I grabbed hold of my wash and shouldered it up,
"no whites with the darks" and soap less than a cup!
I walked down the stairwell and what did I see?
A river of sewage rushing straight up at me.
I swore oh-so-loud at the miserable sight,
and woke up my brother to clean up all night.
We plunged and we roto-ed and we rooter-ed around,
but by 2AM the problem couldn't be found.
So to the plumber I went and I hugged him real' tight,
he just backed away quickly and said "its alright."
"I'll take all your money and dig up your yard,
with this great big bulldozer it really ain't hard."
"I'll kill all your shrubs and your trees just for fun,
to get me to finish you'll need a big gun."
I say all this now, but know when I'm through,
when its a plumber you need - no one else will do.
So on plungers! On rakes! On cleaners and spools!
On buddies with trucks and big racks full of tools!
On door locks! On rat bait! On old ceiling tiles!
On Pergo! On slate! On rails with no stiles!
On drip pans! On French drains! On sagging brick walls!
On wall lights! On mildew! On too-narrow halls!
On Mark Andy and Matt! On Bud (when awake)!
On Mom George and Dad who helped clean up the lake!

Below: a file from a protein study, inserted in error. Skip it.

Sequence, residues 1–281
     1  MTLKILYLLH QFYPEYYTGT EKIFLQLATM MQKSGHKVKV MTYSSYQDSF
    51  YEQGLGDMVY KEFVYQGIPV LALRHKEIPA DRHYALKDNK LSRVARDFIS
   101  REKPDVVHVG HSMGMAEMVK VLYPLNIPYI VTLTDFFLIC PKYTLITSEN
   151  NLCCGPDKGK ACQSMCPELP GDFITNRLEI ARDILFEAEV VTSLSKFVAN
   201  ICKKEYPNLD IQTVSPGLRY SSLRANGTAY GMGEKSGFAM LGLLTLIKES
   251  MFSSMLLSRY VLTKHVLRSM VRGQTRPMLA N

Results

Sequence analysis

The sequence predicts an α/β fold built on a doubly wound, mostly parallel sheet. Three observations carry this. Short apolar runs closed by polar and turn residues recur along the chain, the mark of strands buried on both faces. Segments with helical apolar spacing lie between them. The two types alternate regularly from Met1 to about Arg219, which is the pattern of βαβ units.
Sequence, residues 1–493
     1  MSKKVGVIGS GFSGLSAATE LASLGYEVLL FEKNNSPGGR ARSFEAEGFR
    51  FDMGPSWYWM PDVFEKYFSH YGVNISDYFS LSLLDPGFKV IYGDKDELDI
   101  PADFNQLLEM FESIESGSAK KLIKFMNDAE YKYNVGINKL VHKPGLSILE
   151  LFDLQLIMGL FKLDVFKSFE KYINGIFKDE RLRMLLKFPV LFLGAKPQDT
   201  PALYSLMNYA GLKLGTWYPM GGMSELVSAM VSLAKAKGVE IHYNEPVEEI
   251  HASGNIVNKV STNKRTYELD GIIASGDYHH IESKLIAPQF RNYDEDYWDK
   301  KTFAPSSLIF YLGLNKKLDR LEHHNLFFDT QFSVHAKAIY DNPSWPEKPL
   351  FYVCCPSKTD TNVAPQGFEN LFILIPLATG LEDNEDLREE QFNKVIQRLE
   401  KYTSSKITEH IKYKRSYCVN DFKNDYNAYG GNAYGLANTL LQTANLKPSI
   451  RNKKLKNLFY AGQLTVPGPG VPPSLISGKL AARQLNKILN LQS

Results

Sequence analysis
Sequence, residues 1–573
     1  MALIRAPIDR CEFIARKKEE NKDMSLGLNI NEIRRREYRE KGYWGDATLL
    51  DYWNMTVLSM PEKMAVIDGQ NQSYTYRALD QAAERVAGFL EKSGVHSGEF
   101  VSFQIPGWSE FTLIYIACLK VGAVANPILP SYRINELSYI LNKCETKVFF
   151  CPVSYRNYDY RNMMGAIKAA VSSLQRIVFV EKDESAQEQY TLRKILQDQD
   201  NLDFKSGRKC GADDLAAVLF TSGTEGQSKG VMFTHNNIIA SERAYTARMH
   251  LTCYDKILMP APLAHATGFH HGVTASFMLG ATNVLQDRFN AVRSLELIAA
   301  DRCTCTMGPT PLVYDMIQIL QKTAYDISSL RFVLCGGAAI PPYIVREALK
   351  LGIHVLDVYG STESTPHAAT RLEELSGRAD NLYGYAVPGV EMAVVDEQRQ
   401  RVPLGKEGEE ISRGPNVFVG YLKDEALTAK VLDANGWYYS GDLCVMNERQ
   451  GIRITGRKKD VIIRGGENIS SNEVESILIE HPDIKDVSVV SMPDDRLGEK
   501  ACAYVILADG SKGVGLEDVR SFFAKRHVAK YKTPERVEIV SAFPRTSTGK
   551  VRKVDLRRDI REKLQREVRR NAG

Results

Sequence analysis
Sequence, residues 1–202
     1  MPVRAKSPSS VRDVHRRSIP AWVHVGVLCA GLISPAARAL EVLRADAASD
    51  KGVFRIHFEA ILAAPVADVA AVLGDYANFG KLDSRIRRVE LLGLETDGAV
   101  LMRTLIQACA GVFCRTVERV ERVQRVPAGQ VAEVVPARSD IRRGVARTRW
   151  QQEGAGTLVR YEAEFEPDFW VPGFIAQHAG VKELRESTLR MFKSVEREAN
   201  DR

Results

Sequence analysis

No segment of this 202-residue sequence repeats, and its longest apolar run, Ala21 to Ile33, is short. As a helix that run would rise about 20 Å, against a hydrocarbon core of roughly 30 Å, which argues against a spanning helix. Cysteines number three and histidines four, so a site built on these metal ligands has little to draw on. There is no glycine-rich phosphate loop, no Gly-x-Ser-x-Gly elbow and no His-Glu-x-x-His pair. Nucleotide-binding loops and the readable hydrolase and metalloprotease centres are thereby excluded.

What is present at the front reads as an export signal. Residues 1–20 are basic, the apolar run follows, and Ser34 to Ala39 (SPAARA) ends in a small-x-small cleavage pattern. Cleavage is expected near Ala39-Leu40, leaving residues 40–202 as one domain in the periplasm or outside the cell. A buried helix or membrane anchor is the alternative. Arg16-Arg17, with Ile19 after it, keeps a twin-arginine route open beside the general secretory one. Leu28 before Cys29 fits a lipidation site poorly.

To the top of the roof! To the end of the hall!
Now dash away, dash away, dash away all!
We've braved unimaginable strain and cleaned many a mess,
so you all have my thanks - I could wish you no less!
The house is still standing and we all still live there,
The thought of it dark and cold gives me a scare,
But when I turn in the driveway I am greeted by light*!
So I say - Merry Basement to all, and to all a good night!


*turn it off. it costs me money.

Acrylic Goeth Before a Fall


It is with mixed emotions that I report to you my constant battle with the basement has taken a turn for the worst.

As many of you know; my experiences as a homeowner have ranged in effect from dangerous (even disasterous) to quite pleasant at times. Sure, we have had some good parties, a few laughs, more than just a few quirky mishaps, and perhaps an occasional slip with the beard trimmer (resulting in a rakishly cut eyebrow or sideburn). I have fallen off a few things, dropped some heavy stuff on some fragile stuff, slammed my fingers a few times, bumped my 'ol head hard enough to knock myself out in the driveway (twice), punched some holes in some drywall, dug up things that ought not be dug up, buried things that ought not be buried, and improperly installed a whole host of gadgetry, but it is only recently that I have turned my deft hand-of-disaster towards fumes.

And I do mean fumes.

Perhaps it is not until you have found yourself in an enclosed space clad solely in boxer shorts, black socks, goggles, and a WWII gas mask; standing in a puddle of rapidly-curing acrylic exterior concrete sealer that you will appreciate my meaning.

Sure, the indications on the jug loudly advertise such (clearly) alarmist suggestions as "outdoor use only" and "proper ventilation required", but in today's litigous society can one rely solely on the indications lithographed on a metal container as a source of proper direction? What about expertise and real world experience? To what extent might conditions and weather dictate usage?